Rhymefest – El Che
Rosehip Records: 2010
Purchase on Amazon
To know me outside of cyberspace is to know that I wear my “extreme” leftist political views like a branded badge of honor. Though much of my political activism and public theoretical ranting has toned down within the past few years, the co-option of leftist practice, ideology, and iconography within popular discourse is known to strike a chord with me. Even after years, the iconographic rape of Ernesto “Che” Guevara’s image for T-shirts in suburban mall chain store like Hot Topic still bothers me. The idea and spirit of Che’s life can never be appropriated or sullied by revisionism, so when I heard Rhymefest, neither the most popular or overtly political rapper was naming his new album El Che, I was a little more than apprehensive. His Lil’ John assisted “Angry Black Man on the Elevator” showed he could take it there, but I still had my doubts. Ironically, Fest’s birth name is Che Smith, and the title alludes more to him capturing the essence of Che’s legacy than making El Che a concept rap album about the Argentinean revolutionary in contemporary America.
After the descent, but mostly forgotten Blue Collar, Rhymefest has kept his name within rap circles with three mixtapes, some guest spots, and meeting conservative Brit Parliament member David Cameron to discuss rap’s affect on youth. Yet, El Che, whether concept or “essence capturer,” fails on both accounts. Loaded with braggadocios battles raps, swagger proclamations, songs about loose women, songs about woman he/we should cherish, and oh yeah, gettin’ that cash, Fest’s attempts at political content and rebel vigor are less than moving. While most mainstream Americans fail to realize that most revolutionaries and activist love to drink, fuck and dance, most try to do it outside of environs that recapitulate the system they are criticizing and fighting against. Thus, the problem with El Che is not he’s making such songs, but the style and execution of them. Yes, let’s celebrate the private (and at times public) yearn to dance and fuck: liberate one’s desire, but how about doing it without representing women as objects with language that demeans them.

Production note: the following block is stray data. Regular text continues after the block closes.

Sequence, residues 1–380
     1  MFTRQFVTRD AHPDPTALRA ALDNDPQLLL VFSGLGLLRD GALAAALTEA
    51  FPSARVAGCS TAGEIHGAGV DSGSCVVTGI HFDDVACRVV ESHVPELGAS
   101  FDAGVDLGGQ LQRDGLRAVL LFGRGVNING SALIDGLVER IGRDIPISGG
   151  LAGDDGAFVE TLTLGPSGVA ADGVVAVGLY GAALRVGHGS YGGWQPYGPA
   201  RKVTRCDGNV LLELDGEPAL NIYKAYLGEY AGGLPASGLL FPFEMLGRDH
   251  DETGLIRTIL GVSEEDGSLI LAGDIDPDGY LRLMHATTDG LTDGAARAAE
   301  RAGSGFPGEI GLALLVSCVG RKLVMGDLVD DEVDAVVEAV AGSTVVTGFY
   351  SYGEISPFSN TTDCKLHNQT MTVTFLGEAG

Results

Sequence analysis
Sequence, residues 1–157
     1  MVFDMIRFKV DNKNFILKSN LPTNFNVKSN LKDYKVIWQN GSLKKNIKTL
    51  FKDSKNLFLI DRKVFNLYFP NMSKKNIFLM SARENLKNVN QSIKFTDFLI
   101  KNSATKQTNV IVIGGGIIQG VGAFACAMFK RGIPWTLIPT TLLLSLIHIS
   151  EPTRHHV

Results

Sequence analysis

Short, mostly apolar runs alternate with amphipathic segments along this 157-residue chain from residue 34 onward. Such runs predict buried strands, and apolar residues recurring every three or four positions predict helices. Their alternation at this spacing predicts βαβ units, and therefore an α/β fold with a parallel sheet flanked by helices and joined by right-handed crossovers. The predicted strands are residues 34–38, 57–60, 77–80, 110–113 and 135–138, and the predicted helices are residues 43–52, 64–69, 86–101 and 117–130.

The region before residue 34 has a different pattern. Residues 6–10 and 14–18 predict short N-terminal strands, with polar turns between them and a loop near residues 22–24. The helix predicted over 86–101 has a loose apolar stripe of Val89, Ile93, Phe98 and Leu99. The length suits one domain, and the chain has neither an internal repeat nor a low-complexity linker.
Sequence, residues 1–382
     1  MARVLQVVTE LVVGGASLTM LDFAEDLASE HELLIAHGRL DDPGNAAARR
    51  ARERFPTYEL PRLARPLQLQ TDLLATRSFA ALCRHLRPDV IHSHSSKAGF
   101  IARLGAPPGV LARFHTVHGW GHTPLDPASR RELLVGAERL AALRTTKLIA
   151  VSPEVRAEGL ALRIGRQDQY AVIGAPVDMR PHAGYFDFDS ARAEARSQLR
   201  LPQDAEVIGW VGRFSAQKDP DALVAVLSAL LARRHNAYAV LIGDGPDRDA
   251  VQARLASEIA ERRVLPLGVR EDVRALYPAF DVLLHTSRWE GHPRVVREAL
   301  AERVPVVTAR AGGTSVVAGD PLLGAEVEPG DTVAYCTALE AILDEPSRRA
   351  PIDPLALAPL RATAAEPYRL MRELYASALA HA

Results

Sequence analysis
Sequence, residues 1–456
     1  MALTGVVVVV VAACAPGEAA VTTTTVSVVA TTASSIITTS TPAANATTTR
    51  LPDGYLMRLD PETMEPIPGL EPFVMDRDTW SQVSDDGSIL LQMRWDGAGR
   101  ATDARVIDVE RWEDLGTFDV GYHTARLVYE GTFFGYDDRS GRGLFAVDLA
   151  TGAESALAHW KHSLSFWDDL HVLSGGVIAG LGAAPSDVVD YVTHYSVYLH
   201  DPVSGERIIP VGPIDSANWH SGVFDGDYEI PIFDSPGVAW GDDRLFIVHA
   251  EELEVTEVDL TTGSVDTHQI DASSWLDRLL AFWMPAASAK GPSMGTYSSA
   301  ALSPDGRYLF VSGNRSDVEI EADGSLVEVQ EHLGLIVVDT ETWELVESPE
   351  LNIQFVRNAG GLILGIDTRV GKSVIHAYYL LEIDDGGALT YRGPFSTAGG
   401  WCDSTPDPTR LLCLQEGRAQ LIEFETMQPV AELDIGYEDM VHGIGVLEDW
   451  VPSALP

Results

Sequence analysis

I also always find it amusing when rappers conjure up the Panthers, post-NIO Malcolm, or Che, and proceed to talk about making money through capitalist means for the sole purpose of self-success. The individuals mentioned where all adamant anti-capitalist. Beyond white supremacy, police brutality, sexism, homophobia, etc., men like Che posited capitalism as the number one enemy of Third World people of color. Capitalism was/is our ultimate colonizer, violator and exploiter. So the ways in which Fest talks about women, money and struggle, I strongly wonder where the hell Fest is capturing Ernesto’s spirit or ideology. The idea and music never seem to meet eye to eye. It’s comical in a grating way. It’s a blasphemous cultural exercise in the celebration of rebellion without knowing how or why people rose up against “the system”.
But many of you are asking “ninja, beyond all that drag what about the music!?!! Is it quality.” Well yes and no. El Che will fade into obscurity with much of today’s rap music. It wants to have that big sound: horns, lush keys, hard hitting drums, club like bass lines, somewhere between backpack and mainstream, but the sound lacks gravitas, soul and cleverness. Even the quests don’t add much to the mix, while Fest comes off uninspired. He name drops Ye left and right, lacks focus, and loses the listeners with his contradictory lyrics. Yes, there are good songs here, but none that will capture the spirit of Che, our times and its struggles. Rhymefest typically comes off as one of the most honest down to earth dudes in rap during interviews, so I/we would like to see him be successful making great music, but with El Che, Fest seems to be an emcee that only registers in small doses. There are songs to be enjoyed, but nothing that will be the soundtrack of today’s movement of movements.